As the ice and snow melted early this week, I went in search of something, a sight that always cheers me at midwinter.
It is the first green tips of daffodils just poking through the damp earth and a rapidly thinning cover of white. More will be coming along, rising to herald the news that spring is indeed on its way.
Over the years, I have heard many gardeners express alarm at these sightings, worried that the inevitable cold of February will harm them. That should not worry you, because the foliage is very hardy and will not be damaged. Open blooms, however, can be damaged by deep freeze, but that is a worry for later on.
The greater hazard is that the leaves may get stepped on and crushed, and that happens easily when the leaves are a few inches above ground. So beware of that.
The rising tips are an important sign that the bulbs have awakened for a new season and will benefit from fertilizer now. This comes as a surprise to many people but should not be overlooked. Fertilizer will help the bulb develop and maintain healthy foliage through the spring and gather strength to set buds for next year’s blooms.
The flowers that will bloom this winter and spring are already safely stored in the bulb and will show up in February, March and April, depending on the variety. There were sightings of a few daffodils in bloom in December, apparently brought on by really warm weather. But that was unusual.
It doesn’t take much fertilizer, just 3 pounds of 8-8-8 or 10-10-10 garden fertilizer on 100 square feet of bed. Or use a specially formulated bulb fertilizer at the rate directed on the package. Later on, when the green tips of tulips and hyacinths emerge a few inches, do the same for them.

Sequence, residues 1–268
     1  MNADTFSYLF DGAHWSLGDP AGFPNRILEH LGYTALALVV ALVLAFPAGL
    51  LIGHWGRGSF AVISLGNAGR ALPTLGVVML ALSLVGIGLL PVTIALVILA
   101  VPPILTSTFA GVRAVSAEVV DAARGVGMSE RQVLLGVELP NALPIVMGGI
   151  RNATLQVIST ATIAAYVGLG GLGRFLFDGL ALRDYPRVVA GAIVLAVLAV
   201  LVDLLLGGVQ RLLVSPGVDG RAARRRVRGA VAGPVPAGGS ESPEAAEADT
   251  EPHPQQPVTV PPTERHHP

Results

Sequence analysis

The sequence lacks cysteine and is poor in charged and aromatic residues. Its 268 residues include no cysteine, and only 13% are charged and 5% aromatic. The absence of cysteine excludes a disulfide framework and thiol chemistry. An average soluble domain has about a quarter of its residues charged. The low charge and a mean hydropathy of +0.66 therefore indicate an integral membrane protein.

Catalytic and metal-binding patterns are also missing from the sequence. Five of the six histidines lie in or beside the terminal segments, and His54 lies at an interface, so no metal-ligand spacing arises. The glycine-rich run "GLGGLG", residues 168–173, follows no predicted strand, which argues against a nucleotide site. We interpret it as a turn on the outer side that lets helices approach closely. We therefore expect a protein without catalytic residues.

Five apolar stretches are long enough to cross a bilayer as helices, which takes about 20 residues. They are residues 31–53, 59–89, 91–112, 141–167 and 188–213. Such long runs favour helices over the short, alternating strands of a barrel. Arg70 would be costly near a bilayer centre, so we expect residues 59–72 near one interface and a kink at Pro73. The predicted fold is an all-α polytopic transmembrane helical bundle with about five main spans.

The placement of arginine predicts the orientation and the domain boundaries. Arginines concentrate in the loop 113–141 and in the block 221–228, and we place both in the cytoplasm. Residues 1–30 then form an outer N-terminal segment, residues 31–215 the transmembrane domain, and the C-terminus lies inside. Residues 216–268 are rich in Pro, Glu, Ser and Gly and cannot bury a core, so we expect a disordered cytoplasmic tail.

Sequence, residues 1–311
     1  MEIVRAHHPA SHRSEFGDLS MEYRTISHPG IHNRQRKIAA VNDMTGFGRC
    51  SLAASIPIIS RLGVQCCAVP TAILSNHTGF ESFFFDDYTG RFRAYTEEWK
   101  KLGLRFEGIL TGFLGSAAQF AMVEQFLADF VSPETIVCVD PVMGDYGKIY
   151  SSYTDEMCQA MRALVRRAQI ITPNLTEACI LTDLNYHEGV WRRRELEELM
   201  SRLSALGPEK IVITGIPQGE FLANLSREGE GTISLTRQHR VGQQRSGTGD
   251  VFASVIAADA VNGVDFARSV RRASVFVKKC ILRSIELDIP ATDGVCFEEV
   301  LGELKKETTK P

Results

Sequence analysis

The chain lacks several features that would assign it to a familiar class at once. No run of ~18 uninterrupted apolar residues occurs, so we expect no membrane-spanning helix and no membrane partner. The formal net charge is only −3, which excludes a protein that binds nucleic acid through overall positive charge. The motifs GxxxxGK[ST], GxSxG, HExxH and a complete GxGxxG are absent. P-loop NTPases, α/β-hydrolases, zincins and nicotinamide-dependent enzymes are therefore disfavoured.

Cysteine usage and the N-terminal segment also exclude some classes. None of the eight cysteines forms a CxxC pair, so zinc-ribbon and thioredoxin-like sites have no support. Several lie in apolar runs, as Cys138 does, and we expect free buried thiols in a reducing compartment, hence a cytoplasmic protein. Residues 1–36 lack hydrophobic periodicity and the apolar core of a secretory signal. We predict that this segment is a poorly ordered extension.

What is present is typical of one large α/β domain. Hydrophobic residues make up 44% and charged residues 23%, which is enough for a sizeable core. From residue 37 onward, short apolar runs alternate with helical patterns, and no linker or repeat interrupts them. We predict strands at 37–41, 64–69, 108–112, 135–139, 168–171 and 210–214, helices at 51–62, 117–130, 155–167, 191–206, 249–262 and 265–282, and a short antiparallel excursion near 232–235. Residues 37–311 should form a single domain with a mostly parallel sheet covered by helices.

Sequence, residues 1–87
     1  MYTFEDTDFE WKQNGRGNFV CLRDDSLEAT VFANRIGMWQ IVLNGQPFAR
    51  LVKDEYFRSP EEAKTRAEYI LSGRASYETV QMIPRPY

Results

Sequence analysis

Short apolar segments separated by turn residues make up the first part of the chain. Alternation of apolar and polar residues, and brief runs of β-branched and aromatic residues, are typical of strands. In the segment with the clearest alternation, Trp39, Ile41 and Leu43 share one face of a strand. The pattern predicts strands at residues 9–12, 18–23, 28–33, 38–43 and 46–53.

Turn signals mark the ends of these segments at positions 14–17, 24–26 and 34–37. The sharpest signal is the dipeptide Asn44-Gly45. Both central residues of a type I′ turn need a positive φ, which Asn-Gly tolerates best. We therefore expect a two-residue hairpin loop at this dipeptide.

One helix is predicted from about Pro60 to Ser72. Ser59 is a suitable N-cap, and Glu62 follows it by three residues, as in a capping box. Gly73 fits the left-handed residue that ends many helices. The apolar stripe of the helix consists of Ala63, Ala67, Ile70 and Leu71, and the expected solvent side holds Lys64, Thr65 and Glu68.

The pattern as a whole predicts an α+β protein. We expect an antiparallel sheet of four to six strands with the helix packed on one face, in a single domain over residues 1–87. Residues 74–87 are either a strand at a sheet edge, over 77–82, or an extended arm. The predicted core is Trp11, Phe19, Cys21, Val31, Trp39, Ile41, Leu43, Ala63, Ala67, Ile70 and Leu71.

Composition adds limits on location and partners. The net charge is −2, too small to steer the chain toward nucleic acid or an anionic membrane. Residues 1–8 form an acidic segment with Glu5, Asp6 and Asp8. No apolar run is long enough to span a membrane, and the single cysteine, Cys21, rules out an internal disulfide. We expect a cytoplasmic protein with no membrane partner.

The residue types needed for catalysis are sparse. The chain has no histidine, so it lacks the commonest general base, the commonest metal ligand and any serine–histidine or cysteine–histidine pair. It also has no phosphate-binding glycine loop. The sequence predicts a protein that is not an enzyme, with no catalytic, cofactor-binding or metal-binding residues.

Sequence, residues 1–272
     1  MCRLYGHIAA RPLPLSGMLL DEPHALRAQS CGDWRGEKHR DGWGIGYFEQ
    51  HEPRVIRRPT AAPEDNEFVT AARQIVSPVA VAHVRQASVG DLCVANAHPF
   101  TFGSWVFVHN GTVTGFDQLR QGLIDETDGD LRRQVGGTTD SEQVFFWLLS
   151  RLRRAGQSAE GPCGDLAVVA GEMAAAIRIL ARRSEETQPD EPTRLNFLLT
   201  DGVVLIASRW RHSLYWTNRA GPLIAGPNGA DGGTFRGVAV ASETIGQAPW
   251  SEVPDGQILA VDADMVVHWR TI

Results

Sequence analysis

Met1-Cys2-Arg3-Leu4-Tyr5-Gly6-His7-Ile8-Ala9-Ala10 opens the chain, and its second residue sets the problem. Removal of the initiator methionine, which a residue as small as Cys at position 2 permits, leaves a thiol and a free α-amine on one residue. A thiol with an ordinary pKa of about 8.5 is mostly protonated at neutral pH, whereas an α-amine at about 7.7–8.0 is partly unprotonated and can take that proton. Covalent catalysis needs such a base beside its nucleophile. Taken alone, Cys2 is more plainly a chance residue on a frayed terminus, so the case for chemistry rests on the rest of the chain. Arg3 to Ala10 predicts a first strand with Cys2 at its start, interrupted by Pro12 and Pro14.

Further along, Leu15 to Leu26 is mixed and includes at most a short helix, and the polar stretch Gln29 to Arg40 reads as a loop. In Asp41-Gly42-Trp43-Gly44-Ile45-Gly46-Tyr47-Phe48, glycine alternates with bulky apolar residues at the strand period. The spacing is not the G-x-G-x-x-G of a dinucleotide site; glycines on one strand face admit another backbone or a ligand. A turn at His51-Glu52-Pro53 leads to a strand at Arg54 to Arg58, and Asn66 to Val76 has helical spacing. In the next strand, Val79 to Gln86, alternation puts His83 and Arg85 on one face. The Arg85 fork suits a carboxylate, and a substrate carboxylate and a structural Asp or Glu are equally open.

Fertilizer is especially helpful in getting another season or two out of tulips. Most will rebloom given sufficient nutrition, but I do not think of them as long-lasting members of a flower bed like daffodils. Waiting for the green tips makes it easy to locate the bulbs and sprinkle the fertilizer right where it is needed. Then rain will wash it into the ground.
Gardeners love daffodils but many people simply hate the foliage left behind after the flowers fade. They try all kinds of methods to conceal the foliage. These include folding and tying with a rubber band, even braiding the long slender leaves.
But you must leave them alone to avoid breaking the vessels in the stems that keep the bulb going and developing buds. Once the foliage turns yellowish-brown, you can safely clear it away by gently raking or pulling.
Nancy Brachey: firstname.lastname@example.org
Q. Last spring I bought a Knock Out rose intending to plant it in a pot. I cannot put it in the ground. But I didn’t get to it, and it is still in the plastic pot it was in when I purchased it. Is it too late to replant it? If so, should I use a plastic or a clay pot? If if it is too late, should I bring it inside for the winter?
A. You can use clay or plastic. Clay is more expensive, heavier and can be prone to cracking in winter. There is a good selection of plastic pots that look good, are lightweight and not too expensive in home and garden centers. Some have nice colors and are good imitations of traditional clay.
It is not too late to do this work. But keep the plant outside. It is not a houseplant.